In the Mexican town of Cajititlán the petitions to the Wise Kings do not arrive in a letter or balloon, but in the prayers of thousands of people who travel to their sanctuary to ask for miracles.
Melchor, Gaspar and Baltasar are the center of attention of this town south of Guadalajara, capital of the western state of Jalisco, where up to two million visitors from all over the country and the United States come attracted by faith or curiosity. Know the holiday around January 6.
The celebration of the three figures, which are considered miraculous, extends from December 31 to January 8. Nine days in which there is popular music, pre-Hispanic dances and fireworks, but also pilgrimages, prayers and a lot of faith.
The faithful enter the sanctuary standing or kneeling to where the figures of the three wise men, about two meters high, in an area known as “the touching”.
There the faithful can pass some of their belongings under the mantle or cape of the kings to ask for their blessing and to protect their money, their family or their health.
Jazmin Gaspar, who helps in this area, explains to Efe that most people seek to bless their wallets, their children, or some of their properties. But some of them have even led to bless things as unusual as shoes.
“Sometimes they give us their sneakers, and then they do not, they bring us the ashes of their dead to be blessed or they look for a miracle in the course of their illness or pregnancy,” adds the girl, whose Last name is very common in the village.
Believers also come to the altar to give thanks for some favor received or to ask for the health and well-being of their families.
Another part of the route is to go to the chapel attached to the church where there are blankets that simulate the layers of the Kings and in which people are wrapped for a moment as a sign of protection.
The figures of the Magi have prevailed for at least three centuries. In the 16th century they were carved by order of a Franciscan priest so that the fishermen of the Laguna de Cajititlán would venerate them and consecrate their work.
The Wise Kings disappeared for a time, then were found in a hidden place in the church and since then are venerated every year, says Efe José Carlos Muñoz, priest vicar of the sanctuary.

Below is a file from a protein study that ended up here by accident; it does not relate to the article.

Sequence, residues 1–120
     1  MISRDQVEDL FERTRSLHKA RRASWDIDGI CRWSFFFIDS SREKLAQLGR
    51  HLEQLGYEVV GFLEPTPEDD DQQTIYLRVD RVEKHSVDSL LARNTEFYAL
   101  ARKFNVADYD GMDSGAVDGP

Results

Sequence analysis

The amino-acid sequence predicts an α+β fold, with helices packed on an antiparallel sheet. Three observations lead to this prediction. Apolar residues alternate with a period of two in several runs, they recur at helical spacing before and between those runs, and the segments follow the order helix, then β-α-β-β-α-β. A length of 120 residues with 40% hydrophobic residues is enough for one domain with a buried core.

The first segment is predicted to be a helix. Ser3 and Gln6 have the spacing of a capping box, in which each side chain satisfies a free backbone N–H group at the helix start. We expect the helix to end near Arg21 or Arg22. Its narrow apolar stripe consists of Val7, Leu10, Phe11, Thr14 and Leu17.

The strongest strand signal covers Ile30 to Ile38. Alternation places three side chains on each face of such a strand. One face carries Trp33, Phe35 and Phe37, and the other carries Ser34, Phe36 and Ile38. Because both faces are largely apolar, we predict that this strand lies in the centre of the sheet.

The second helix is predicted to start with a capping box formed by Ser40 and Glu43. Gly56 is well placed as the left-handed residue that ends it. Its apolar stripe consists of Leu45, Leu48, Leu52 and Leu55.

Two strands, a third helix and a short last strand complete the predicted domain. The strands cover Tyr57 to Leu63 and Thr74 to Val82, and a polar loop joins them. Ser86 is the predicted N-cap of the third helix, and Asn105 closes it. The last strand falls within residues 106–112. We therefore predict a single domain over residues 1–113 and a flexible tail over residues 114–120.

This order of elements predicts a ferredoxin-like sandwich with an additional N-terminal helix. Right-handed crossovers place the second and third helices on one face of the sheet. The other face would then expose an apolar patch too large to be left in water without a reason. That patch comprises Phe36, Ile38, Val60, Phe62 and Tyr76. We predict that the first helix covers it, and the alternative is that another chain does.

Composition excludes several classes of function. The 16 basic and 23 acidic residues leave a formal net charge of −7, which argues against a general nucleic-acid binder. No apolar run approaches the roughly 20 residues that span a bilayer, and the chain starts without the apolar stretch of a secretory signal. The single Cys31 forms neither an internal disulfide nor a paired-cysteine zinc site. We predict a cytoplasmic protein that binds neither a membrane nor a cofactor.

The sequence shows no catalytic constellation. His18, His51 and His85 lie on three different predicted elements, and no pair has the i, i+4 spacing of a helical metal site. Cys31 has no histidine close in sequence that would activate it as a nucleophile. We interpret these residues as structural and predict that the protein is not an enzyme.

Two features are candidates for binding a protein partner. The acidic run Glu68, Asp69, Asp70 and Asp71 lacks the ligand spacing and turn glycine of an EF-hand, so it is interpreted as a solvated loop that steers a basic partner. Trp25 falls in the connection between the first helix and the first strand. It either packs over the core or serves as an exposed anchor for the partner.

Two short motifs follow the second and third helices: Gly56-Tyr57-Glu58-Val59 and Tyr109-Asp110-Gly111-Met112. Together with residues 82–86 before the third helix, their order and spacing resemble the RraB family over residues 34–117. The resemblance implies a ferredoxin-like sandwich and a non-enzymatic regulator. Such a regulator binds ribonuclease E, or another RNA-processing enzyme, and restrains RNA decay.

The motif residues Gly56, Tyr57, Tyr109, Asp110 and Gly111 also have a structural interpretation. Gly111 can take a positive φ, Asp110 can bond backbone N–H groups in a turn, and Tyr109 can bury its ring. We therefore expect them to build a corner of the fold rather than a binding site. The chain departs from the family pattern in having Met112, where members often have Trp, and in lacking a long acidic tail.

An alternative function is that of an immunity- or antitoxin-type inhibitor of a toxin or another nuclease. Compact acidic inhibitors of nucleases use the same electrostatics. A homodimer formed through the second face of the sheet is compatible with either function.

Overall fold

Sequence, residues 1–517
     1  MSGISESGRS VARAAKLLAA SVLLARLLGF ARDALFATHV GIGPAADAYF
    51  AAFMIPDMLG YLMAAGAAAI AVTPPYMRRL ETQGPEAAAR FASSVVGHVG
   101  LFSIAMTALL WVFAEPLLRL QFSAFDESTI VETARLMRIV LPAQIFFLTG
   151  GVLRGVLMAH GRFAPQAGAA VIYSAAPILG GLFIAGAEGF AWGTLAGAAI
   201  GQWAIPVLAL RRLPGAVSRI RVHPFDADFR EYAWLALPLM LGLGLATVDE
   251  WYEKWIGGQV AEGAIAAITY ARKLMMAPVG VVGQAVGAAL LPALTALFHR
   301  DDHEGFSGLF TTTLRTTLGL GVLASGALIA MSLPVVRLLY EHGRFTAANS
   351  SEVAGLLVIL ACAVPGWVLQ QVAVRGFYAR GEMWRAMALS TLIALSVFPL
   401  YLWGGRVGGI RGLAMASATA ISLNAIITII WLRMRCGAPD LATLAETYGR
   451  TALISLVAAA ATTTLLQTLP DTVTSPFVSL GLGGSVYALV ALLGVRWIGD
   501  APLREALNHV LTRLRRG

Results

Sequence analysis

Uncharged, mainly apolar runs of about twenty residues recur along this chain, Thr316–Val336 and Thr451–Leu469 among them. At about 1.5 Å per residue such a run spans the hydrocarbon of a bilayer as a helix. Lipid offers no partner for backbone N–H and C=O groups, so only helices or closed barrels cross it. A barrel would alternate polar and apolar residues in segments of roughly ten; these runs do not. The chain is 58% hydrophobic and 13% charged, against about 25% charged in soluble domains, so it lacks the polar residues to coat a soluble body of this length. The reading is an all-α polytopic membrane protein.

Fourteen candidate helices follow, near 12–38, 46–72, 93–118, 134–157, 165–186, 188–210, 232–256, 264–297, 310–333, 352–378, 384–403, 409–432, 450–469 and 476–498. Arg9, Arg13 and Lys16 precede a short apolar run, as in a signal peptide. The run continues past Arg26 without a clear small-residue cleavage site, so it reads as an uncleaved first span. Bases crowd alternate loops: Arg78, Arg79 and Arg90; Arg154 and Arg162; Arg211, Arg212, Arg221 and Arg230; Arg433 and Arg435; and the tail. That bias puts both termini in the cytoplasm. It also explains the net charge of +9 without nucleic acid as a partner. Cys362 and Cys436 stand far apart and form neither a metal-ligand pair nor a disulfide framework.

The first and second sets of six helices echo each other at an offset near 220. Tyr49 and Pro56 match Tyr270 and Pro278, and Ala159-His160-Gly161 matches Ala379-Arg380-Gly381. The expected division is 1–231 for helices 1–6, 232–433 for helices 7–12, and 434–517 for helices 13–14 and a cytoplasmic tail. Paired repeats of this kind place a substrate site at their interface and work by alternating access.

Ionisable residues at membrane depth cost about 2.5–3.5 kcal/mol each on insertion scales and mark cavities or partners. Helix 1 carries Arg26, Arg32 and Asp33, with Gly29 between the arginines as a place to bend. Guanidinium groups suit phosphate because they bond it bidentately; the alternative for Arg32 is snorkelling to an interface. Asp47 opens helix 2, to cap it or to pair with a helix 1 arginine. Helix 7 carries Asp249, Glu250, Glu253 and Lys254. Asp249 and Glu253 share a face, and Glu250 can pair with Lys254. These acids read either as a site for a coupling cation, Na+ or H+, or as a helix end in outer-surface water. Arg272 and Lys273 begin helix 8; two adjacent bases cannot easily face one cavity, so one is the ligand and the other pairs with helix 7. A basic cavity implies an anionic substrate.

“Everyone comes with different reasons to the party, they come to ask God for the intercession of the holy kings to be blessed in their work, sick people come, and it is interesting to see how many people come with wheelchairs or with hardly any possibilities to walk, but with a lot of devotion “, emphasizes the cleric.
Felipe Cabrera is 80 years old and since his childhood he visits Cajititlán at this time. First he did it in the hands of his parents and, being an adult, he led his family to follow the tradition. Sometimes he has come to pay some money or thank miracles, others more to follow the tradition and also for the pleasure of being in the town.
“(We come) sometimes by family habit, sometimes by command and sometimes nothing more to come in. The more time passes, the more people come in. Previously there were a few of us, we surrounded ourselves with the castle (fireworks), but today there are so many people “he says.
What began as a custom to ask for a good year of fishing for those who live in the lagoon, over time became a popular party that also attracts tourists.
Sergio Saldaña and Mary Medina visit for the first time Cajititlan advised by some relatives. They affirm to Efe that they never imagined how close to Guadalajara there was a festival centered on the Wise Kings.
“They had told us about the festivities, about the customs, now we have come to know, to visit, the customs, the food and the dances have drawn our attention,” she says.
“It’s very nice to know these traditions, it’s funny that in a town the Three Wise Men are celebrated, few people know about it”, they say.
On January 7, the three figures are taken from the temple to carry out a procession through the streets of the town that culminates with a boat trip through the lagoon of Cajititlán, to give way to a popular festival in which it is common to see children dressed as the patrons of the town.